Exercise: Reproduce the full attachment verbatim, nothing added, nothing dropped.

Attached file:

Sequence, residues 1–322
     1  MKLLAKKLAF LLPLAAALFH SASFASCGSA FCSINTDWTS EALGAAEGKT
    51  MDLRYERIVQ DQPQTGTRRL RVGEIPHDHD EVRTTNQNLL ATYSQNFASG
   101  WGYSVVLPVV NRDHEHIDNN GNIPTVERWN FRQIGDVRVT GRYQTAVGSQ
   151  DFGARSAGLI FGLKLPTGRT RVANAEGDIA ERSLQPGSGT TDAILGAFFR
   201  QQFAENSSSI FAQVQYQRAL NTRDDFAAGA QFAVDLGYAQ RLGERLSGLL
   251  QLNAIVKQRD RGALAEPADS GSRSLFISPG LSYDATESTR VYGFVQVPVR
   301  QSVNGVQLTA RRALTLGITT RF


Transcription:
Sequence, residues 1–322
     1  MKLLAKKLAF LLPLAAALFH SASFASCGSA FCSINTDWTS EALGAAEGKT
    51  MDLRYERIVQ DQPQTGTRRL RVGEIPHDHD EVRTTNQNLL ATYSQNFASG
   101  WGYSVVLPVV NRDHEHIDNN GNIPTVERWN FRQIGDVRVT GRYQTAVGSQ
   151  DFGARSAGLI FGLKLPTGRT RVANAEGDIA ERSLQPGSGT TDAILGAFFR
   201  QQFAENSSSI FAQVQYQRAL NTRDDFAAGA QFAVDLGYAQ RLGERLSGLL
   251  QLNAIVKQRD RGALAEPADS GSRSLFISPG LSYDATESTR VYGFVQVPVR
   301  QSVNGVQLTA RRALTLGITT RF